ISTANBUL: In addition to being delicious, artichokes are low in fat while rich in fiber, vitamins, minerals and antioxidants
If you’re not familiar with this veggie, it may look alien or inedible to you. But the artichoke has a special place in Turkish cuisine, especially in the western province of Izmir – to be precise the Urla district, where the vegetable is celebrated with a three-day festival!
I am aware that artichokes are more of a spring vegetable but there are still plenty around at this time of year.
Turks love their dolma in all shapes and forms. Dolma is a staple in Turkish kitchens and means stuffed or filled, usually referring to a vegetable but can also be done with fruit or even meat. This Izmir specialty is the first dish that comes to mind when on the topic of artichokes.
- 8 artichokes
- 100 milliliters olive oil + 2 tablespoons
- 1 onion
- 1 potato
- 1-2 carrots
- 100 grams peas
- Juice of 2 lemons
- 200 milliliters water
- 1 teaspoon sugar
- ½ teaspoon salt
Clean the artichokes and let them sit in lemon juice to prevent them from darkening. Boil your potato and carrots until they have softened and cut them into small cubes. Chop the onions and saute them in 100 ml olive oil until they start to soften. Add the cubed potatoes and carrots to the onions and cook them together for 2-3 minutes. Finally, add the peas and continue cooking for 5 minutes. Turn the heat off and set the filling aside.
Fish the artichokes out of the lemon juice and place them in a wide pot of your choice. Now it is time to stuff the artichokes with the filling. Next, add the water to the lemon juice, salt, sugar and two tablespoons of olive oil and mix thoroughly. Pour this lemony mixture into the pot and cook the artichokes until they have softened. Let the dish cool and serve cold.
Many like to serve these with chopped dill and I must say I agree with them.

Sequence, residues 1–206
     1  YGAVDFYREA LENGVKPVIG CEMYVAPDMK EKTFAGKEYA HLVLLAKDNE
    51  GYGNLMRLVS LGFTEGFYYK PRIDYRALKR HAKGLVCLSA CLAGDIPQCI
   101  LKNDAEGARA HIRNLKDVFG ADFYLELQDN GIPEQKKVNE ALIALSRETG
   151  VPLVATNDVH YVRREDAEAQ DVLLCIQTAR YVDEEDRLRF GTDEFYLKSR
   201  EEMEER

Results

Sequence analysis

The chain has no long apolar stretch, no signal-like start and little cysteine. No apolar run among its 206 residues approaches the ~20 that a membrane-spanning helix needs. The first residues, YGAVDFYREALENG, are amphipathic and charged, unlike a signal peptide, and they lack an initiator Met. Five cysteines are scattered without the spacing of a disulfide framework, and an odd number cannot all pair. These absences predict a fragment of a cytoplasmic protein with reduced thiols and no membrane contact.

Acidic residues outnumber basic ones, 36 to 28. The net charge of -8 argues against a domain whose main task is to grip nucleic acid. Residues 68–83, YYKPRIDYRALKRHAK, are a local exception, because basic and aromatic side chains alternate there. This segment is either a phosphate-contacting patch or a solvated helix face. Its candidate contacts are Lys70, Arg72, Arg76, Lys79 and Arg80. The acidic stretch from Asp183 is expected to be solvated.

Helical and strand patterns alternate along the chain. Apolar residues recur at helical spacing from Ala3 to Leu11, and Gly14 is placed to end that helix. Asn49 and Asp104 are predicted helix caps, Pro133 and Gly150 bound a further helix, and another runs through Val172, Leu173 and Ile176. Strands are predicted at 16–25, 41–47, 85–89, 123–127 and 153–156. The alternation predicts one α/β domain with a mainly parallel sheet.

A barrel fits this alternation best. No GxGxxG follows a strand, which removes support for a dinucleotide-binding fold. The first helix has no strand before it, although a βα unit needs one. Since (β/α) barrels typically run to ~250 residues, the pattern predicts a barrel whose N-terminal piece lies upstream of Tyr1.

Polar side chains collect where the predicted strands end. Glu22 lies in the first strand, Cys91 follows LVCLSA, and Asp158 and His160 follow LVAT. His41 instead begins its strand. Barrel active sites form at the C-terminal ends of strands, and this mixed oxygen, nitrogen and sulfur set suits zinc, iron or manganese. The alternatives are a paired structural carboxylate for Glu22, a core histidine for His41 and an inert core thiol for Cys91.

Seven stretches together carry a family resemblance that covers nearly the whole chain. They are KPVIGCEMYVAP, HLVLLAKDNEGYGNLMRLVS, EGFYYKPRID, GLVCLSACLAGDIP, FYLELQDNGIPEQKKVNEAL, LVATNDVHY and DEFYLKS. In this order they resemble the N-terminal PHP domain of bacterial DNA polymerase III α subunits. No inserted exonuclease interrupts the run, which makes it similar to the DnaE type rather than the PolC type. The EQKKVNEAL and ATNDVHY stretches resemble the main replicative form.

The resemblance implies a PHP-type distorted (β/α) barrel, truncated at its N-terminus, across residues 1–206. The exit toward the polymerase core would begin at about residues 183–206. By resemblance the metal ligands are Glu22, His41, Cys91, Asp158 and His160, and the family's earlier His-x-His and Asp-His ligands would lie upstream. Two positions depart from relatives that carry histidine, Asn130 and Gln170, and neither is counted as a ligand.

If you have a few too many artichokes on your hands and are looking to attempt a new starter, you can give this one a shot!
- 1 kg whole artichokes
- 2 tablespoons flour
- 1 tablespoon butter
- 1.2 liters water
- Salt, to taste
Clean off the artichokes and cut them into small cubes, then cook them in about 400 ml of water until softened. Meanwhile, melt the butter in a separate pot, add the flour and cook until the color changes. Add the remaining water to the flour and whisk it until smooth. If there are persistent lumps, it happens to me all the time, you can use a blender. Add the softened artichokes with their cooking water to the flour base and simmer until the soup thickens. Salt to your taste and serve.
Artichoke yogurt snacks
We’ve done a main dish, a starter and now it is time for a little snack – although I would happily eat this as a summer salad! The refreshing nature of yogurt makes this the perfect, satisfying dish for those hot summer months.
- 4 artichokes
- 400 milliliters water
- Half a lemon
- 3 tablespoons olive oil
- 1 bundle purslane
- 300 milliliters yogurt
Boil the artichokes in water and lemon juice until they soften. While they are cooking, clean the purslane and mix it with the yogurt. Once the artichokes are done, remove them from the pot and fill them with the purslane-yogurt mix. Drizzle the olive oil over the small bowls of artichokes and serve.
Now, this recipe is beyond simple but it can be elevated as far as you’re willing to go. A sprinkle of red pepper flakes, for example, adds a kick. Having different textures can add another dimension, I recommend adding crushed walnuts to the purslane salad or just having them on top of the whole dish. Using a thicker yogurt, like süzme or Greek yogurt as it is known to some, helps keep the dish combined but regular yogurt works just fine if you’re out of stock.
Courtesy: Daily Sabah